High Fidelity Wasteland I: 100 Year Old Quicksilver Cloud

100 Year Old Quicksilver Cloud is the first work in High Fidelity Wasteland – an audio-centric trilogy that experiments with the material waste left over from generations of decomposing sound reproduction technology. Wading into the toxic haze of early transmission infrastructure, this installation sonifies the decaying atmosphere inside a thyratron – a 100 year old vacuum tube radiating a cloud of blue ionized mercury. Vacuum tubes generated, amplified and controlled some of the earliest flows of electrons signalling the start of widespread communication networks – radio, tv, telephony, computing. Though produced prior to practices of planned obsolescence and outliving industrial lifecycles of technology today, the decommissioned liquified metals of the thyratron represent one of the multitude of ruinous substrates of post industrial ecology.

Audio produced in collaboration with AGF (aka Antye Greie-Ripatti)
Technical support provided by Daniel Stigler

Commissioned by transmediale – festival for art and digital culture Berlin as part of the culture program related to Canada’s Guest of Honour presentation at the Frankfurt Book Fair in 2020.Produced with the support of the Canada Council for the Arts and the Government of Canada.

Further sponsorship provided by Martion – Audiosysteme.

Sirens

Sirens is a sound installation that consists of a custom made high fidelity sound system, found objects and an audio composition. The installation makes use of used motor hoods from the Trolli 35 lawnmower. The Trolli was one of the standard lawnmowers made and used in the former German Democratic Republic.

More about this project can be read about in the Soziale Sollbruchstelle Vol. 1 Publication

This work was made in collaboration with AGF (Antye Greie-Ripatti)

Sirens is part of the Soziale Sollbruchstelle Series of artworks that was funded by the Einstein Foundation Berlin and realized with the support of the Berlin Centre for Advanced Studies in Arts and Sciences at the Berlin University of the Arts. The artist gratefully acknowledges the support of the Canada Council for the Arts.

Photo credit: Philip Poppek
Video by: Jemma Woolmoore

Soziale Sollbruchstelle

Encompasing video, sound installation, photography and collage, Soziale Sollbruchstelle is an interdisciplinary artistic research project that iconizes and creates a fictitious universe for a forgotten piece of utilitarian technology. The work draws out patterns and juxtapositions surrounding practices of technology between a historically significant communist state and contemporary consumerist culture.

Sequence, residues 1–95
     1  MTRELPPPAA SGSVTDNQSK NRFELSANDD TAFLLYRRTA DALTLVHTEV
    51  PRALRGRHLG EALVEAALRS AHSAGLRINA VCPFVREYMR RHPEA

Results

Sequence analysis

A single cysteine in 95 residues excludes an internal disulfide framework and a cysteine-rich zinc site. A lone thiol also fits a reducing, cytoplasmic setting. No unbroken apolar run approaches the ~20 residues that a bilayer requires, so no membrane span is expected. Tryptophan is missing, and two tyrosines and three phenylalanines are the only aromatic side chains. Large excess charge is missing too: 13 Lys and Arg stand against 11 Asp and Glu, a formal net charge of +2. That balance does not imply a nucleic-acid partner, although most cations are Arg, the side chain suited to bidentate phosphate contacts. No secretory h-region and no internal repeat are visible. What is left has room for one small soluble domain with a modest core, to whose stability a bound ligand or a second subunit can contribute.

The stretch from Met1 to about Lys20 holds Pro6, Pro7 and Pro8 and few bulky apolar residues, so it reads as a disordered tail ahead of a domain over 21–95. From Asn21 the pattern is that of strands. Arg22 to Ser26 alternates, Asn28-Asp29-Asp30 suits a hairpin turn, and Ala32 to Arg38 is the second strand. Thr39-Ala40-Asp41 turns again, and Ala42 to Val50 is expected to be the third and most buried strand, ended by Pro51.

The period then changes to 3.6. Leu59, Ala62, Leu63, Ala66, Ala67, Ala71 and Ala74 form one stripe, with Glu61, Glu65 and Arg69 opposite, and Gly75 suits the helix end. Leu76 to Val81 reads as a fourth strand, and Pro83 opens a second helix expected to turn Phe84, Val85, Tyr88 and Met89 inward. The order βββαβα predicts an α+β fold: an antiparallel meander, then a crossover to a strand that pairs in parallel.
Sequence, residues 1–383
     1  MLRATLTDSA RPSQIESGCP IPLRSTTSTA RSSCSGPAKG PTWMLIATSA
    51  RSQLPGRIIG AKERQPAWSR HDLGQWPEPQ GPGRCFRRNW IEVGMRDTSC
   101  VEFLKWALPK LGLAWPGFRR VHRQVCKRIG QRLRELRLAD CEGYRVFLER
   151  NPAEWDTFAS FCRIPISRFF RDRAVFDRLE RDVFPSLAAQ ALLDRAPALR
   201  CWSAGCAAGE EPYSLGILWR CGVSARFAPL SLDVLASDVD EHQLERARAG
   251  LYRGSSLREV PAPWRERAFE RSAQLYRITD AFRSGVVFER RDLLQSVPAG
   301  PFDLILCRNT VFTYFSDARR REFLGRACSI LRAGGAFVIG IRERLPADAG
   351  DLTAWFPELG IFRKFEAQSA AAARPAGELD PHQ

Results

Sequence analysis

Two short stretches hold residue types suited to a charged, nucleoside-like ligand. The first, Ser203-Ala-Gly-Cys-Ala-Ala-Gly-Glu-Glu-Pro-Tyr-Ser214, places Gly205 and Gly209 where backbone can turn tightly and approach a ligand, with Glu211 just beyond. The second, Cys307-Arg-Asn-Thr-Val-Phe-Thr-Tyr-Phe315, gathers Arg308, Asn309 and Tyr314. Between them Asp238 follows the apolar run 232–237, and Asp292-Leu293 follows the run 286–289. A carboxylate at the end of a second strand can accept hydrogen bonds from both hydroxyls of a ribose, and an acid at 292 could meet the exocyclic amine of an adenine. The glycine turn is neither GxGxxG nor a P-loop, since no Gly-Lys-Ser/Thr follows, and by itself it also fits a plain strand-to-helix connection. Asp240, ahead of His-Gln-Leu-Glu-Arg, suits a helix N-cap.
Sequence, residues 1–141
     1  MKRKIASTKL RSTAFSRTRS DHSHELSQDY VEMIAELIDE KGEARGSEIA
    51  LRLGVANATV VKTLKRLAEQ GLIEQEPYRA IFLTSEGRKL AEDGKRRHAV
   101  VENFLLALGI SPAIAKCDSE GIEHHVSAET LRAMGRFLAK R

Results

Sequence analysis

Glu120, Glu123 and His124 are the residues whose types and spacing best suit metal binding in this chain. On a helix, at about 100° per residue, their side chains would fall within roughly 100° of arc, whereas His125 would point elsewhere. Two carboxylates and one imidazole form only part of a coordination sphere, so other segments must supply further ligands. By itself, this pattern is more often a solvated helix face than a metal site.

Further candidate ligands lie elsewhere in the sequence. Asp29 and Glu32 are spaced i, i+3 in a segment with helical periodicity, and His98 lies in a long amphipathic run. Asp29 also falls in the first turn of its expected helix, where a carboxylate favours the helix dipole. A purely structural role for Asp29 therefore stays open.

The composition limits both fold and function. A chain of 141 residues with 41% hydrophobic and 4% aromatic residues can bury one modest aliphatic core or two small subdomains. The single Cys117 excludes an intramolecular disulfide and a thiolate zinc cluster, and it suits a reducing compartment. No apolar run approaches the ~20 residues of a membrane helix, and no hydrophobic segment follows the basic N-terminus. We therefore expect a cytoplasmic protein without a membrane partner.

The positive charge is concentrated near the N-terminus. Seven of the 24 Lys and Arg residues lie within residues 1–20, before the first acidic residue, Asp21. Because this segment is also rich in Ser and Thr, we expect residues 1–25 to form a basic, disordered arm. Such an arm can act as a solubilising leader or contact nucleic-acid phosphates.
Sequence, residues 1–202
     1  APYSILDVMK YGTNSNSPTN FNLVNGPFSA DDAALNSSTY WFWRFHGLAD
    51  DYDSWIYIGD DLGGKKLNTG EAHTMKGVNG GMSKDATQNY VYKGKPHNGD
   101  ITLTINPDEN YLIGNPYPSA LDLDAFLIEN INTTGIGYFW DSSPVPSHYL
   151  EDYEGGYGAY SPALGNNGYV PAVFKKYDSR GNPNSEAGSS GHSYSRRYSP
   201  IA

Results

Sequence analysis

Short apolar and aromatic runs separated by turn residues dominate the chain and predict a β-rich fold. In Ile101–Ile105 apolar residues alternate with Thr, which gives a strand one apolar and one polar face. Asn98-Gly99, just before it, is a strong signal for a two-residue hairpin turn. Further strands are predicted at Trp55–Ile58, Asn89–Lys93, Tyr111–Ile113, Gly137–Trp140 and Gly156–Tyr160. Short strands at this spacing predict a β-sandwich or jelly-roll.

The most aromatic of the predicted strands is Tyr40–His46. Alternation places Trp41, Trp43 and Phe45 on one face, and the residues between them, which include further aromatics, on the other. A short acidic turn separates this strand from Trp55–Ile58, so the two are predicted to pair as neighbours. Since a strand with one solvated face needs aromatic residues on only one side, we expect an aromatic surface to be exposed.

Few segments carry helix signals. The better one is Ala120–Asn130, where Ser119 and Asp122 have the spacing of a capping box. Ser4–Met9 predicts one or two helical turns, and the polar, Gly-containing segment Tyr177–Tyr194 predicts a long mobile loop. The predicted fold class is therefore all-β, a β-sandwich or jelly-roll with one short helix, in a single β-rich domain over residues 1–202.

Manufactured from 1962-1989, the ‘Trolli ESM II’ was one of the very few models of lawnmowers made available to the people of the former socialist state, the German Democratic Republic (GDR). Its most striking characteristic is its motor hood. Sitting on top of the machine, with two mysterious looking horizontal air vents, it looks like an anthropomorphic spartan warrior adorning battle armour. There is an added sinister quality to these objects, as decades of use has marked them as if they have endured a lifetime of battle.

Soziale Sollbruchstelle deconstructs this household device and transposes it into the high definition/sleek aesthetic setting of present day consumer electronics design and marketing. By concealing and revealing its attributes, this series treats the old lawn mower like a rarified object of luxury and desire. Viewers are compelled to step into the mysterious universe of the Trolli and confront up close how the glossiness of its setting falls away as the detail of its embattled and timeworn patina takes over. Soziale Sollbruchstelle evokes both a militant history and sci-fi dimension, where the Trolli is at once both worn out and weathered yet primed for combat against a future of unkempt lawns. Within the mystifying narrative built up by the works, the austere, robot-like icon further acts as an analog for the ominous nature of a society of unease, connected to machines of questionable intelligence, power and control.

Soziale Sollbruchstelle is an interdisciplinary artistic research project carried out during a fellowship at Berlin Centre for Advanced Studies in Arts and Sciences (BAS) / Graduiertenschule at the Art University of Berlin from 2016-2018.

The resulting works in this project include:
The Watch, video installation
Sirens, sound installation
Armour, sculptural installation with found objects
Tower, photograph
Lookout, photographic tryptic
Operation Manual, photographic collage
Government Issue, photograph
Soziale Sollbruchstelle, publication (deutsche Übersetzungen finden sie am Ende)

Artistic Collaborators:
AGF (Antye Greie-Ripatti)
Sophia Gräfe

Further artistic support and expertise from:
Jemma Woolmoore
Lena Maria Loose
Carolin Meyer
Artist Carpenter Berlin
Daniel Stigler

Soziale Sollbruchstelle was funded by the Einstein Foundation Berlin and realized with the support of the Berlin Centre for Advanced Studies in Arts and Sciences at the Berlin University of the Arts. The artist further gratefully acknowledges the support of the Canada Council for the Arts and Halle14 Zentrum für zeitgenössische Kunst.

DIY Sonic Loophole Generator

‘DIY Sonic Loophole Generator’ is an animated step-by-step how-to video that demonstrates how to make a sonic loophole generator with mobile phones. This is a sister artwork to ‘DIY Telephone Feedback Performance’ – which you can read about here. These works are presented together as an Audio Visual Installation with a limited edition poster that is given away so that the effect can be experimented with at home.

This video was Commissioned by Michelle Kasprzak for the Future Flux Festival in Rotterdam